Kindergarten teacher Jay Keddy killed biking on Claremont Access
Police seized a black pickup truck involved in the collision
A school and a church community are grieving after a 53-year-old cyclist and teacher was struck and killed on the Claremont Access on his way to a prayer meeting Wednesday night.
Mountain resident Jay Keddy, a junior and senior kindergarten teacher at Prince of Wales School, died Wednesday evening, the school board has confirmed.
Teachers and counsellors broke the news to Keddy's students Thursday morning with the children's parents alongside them. "We told them there had been an accident and he was killed," said principal Pat Petruccelli.
They tried their best to explain to the four- and five-year-olds that their teacher was gone. The students, trying to understand, responded in kind as kids do, saying thing like "they had fish that had died too and went to heaven."
"We told them that it's okay for kids to get sad — adults get sad, too. He is going to be sorely missed."
It happened around 5:45 p.m. Wednesday, police say, marking the 16th fatal collision in 2015. Witnesses who saw the collision started CPR on Keddy while they waited for paramedics to arrive, but he died on scene.
Counsellors have been at Keddy's school since Thursday morning to provide support for his students and for staff.
Truck seized for examination
Police have seized a black pickup truck involved in the collision. The truck left the scene of the collision, police say. The driver has been "released unconditionally at this time," a police news release reads. Police reopened the Claremont Access around 4 a.m. Thursday.
Keddy was also heavily involved with the West Highland Baptist Church community as a deacon and board member. When news of his death broke, it hit the church hard, said Head Pastor John Mahaffey.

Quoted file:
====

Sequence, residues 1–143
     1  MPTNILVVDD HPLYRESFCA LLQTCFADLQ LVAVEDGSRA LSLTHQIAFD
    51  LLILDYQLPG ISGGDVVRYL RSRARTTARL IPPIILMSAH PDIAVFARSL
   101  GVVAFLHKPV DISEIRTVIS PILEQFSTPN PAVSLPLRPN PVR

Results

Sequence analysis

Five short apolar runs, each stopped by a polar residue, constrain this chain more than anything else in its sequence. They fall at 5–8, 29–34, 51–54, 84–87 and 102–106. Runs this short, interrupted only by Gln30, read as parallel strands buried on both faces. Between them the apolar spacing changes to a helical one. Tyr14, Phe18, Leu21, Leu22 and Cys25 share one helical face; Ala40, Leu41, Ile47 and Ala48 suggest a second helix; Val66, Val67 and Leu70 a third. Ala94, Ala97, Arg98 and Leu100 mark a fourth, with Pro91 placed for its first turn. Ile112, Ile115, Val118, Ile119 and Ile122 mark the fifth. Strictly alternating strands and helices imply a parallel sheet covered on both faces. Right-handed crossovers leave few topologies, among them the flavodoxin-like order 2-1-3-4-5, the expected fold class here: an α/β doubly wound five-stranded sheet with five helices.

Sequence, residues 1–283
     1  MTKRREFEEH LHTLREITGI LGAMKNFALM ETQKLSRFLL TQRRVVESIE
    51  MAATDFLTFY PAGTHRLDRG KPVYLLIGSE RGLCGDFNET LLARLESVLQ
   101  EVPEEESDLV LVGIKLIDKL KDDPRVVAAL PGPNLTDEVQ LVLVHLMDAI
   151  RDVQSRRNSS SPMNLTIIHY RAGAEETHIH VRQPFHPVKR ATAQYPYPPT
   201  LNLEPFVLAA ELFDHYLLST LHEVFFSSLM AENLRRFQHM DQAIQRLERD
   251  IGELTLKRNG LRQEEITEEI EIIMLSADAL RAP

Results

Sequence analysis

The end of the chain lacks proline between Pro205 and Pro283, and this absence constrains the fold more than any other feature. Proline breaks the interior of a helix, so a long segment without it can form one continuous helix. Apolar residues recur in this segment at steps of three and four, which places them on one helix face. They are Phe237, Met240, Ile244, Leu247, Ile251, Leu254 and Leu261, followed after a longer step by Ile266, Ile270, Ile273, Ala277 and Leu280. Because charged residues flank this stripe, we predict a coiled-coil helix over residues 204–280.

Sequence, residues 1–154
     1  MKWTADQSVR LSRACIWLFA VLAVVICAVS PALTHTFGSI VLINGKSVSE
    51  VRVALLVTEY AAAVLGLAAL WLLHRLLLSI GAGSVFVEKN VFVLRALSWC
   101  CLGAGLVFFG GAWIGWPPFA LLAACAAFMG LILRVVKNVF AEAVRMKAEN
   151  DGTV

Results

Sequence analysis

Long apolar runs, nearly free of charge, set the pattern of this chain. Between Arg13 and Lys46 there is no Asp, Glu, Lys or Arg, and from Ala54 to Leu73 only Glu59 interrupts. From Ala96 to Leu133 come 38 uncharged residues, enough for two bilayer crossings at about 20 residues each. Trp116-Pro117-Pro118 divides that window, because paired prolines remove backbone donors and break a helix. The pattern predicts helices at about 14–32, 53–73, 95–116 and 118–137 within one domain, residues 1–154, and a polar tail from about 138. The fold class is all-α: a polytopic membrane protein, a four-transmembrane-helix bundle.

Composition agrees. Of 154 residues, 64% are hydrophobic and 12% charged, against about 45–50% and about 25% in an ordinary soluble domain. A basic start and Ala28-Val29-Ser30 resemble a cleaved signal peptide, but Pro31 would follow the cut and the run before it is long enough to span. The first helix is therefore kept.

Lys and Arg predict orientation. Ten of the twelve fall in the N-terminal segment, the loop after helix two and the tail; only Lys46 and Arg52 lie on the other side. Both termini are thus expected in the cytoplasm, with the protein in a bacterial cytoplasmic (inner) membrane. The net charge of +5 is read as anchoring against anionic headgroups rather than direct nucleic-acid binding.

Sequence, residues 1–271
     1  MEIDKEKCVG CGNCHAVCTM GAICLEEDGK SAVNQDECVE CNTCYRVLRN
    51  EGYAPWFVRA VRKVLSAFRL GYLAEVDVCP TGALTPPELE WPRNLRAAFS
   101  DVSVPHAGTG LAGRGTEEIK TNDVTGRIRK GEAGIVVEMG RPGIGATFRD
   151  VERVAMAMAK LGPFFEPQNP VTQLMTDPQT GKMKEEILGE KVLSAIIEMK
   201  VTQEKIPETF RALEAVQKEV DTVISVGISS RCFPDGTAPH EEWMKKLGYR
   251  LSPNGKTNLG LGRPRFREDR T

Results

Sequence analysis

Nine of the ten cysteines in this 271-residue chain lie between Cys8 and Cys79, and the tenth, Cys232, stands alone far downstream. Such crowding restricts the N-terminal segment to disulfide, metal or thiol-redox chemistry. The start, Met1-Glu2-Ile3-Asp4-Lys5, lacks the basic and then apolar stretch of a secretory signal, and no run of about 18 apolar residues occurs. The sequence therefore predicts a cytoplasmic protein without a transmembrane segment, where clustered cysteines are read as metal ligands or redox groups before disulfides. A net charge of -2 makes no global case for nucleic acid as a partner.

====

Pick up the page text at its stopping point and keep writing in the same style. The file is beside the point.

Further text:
Procession begins up the Claremont Access. <a href="https://twitter.com/hashtag/HamOnt?src=hash">#HamOnt</a> <a href="https://twitter.com/hashtag/sc?src=hash">#sc</a> <a href="https://t.co/LjnRvAPLSp">pic.twitter.com/LjnRvAPLSp</a>—@kellyrbennett
"A lot of sobbing went on last night," Mahaffey said. "He had such a big heart. It's quite a blow."
The father of three had spent years in Africa as a missionary, Mahaffey said, and worked a lot with kids. "Even for people of faith, we wonder why God would allow something like this to happen," he said.
Petruccelli said he'll never forget how Keddy would always kneel down so he could be at the same eye level as the children he was teaching. "He had quite a way with the little ones," he said. "He was so dedicated and passionate."
Cycling advocates organized a march Thursday in Keddy's honour, and calling for safer streets. They walked up the access around 12:30 p.m. with their bicycles and a white "ghost bike" which they installed roadside as a memorial to the fallen cyclist.
Keddy was in "incredible shape," Mahaffey said, as he was always on his bike. That makes his death even harder, he said, because no one could have anticipated it.
Keddy's family is "doing as well as can be expected," he said. The pastor and his wife checked in on them Wednesday night. "Lots of people are heading to their home and helping them," Mahaffey said.
Police sent collision and forensic experts to the scene to investigate and speak to witnesses Wednesday night. Investigators kept the Claremont Access closed overnight.
They are continuing their investigation.
Police ask any witnesses who have not shared what they saw to contact Det. Matt Hewko or Det. Benjamin Paterson at 905-546-4955, or contact Crime Stoppers.